Mechanotransduction Effects on Endothelial Cell Proliferation via CD31 and VEGFR2: Implications for Immunomagnetic Separation.

Mahajan KD, Nabar GM, Xue W, Anghelina M, Moldovan NI, Chalmers JJ, Winter JO
Biotechnol J 12 09/01/2017

Abstract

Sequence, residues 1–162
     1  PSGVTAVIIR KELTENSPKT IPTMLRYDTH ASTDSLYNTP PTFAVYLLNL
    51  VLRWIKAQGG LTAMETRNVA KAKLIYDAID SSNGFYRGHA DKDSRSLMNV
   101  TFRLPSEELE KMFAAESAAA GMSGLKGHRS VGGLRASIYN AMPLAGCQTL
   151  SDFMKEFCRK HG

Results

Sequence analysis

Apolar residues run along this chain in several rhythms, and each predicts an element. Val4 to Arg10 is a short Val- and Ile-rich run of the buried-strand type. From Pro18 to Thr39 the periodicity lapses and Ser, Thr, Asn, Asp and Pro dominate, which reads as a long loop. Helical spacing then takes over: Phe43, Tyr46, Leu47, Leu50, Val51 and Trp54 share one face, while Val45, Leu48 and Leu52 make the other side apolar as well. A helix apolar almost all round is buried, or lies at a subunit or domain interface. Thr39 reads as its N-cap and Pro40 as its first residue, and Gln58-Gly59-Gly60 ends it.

Immunomagnetic separation is used to isolate circulating endothelial cells (ECs) and endothelial progenitor cells (EPCs) for diagnostics and tissue engineering. However, potentially detrimental changes in cell properties have been observed post-separation. Here, the effect of mechanical force, which is naturally applied during immunomagnetic separation, on proliferation of human umbilical vein endothelial cells (HUVEC), kinase insert domain-positive receptor (KDR) cells, and peripheral blood mononuclear cells (PBMCs). Cells are exposed to CD31 or Vascular Endothelial Growth Factor Receptor-2 (VEGFR2) targeted MACSi beads at varying bead to cell ratios and compared to free antibody and unconjugated beads. A vertical magnetic gradient is applied to static 2D cultures, and a magnetic cell sorter is used to analyze cells in dynamic flow. No significant difference in EC proliferation is observed for controls or VEGFR2-targeting beads, whereas CD31-conjugated beads increase proliferation in a dose dependent manner in static 2-D cultures. This effect occurs in the absence of magnetic field, but is more pronounced with magnetic force. After flow sorting, similar increases in proliferation are seen for CD31 targeting beads. Thus, the effects of targeting antibody and magnetic force applied should be considered when designing immunomagnetic separation protocols for ECs.

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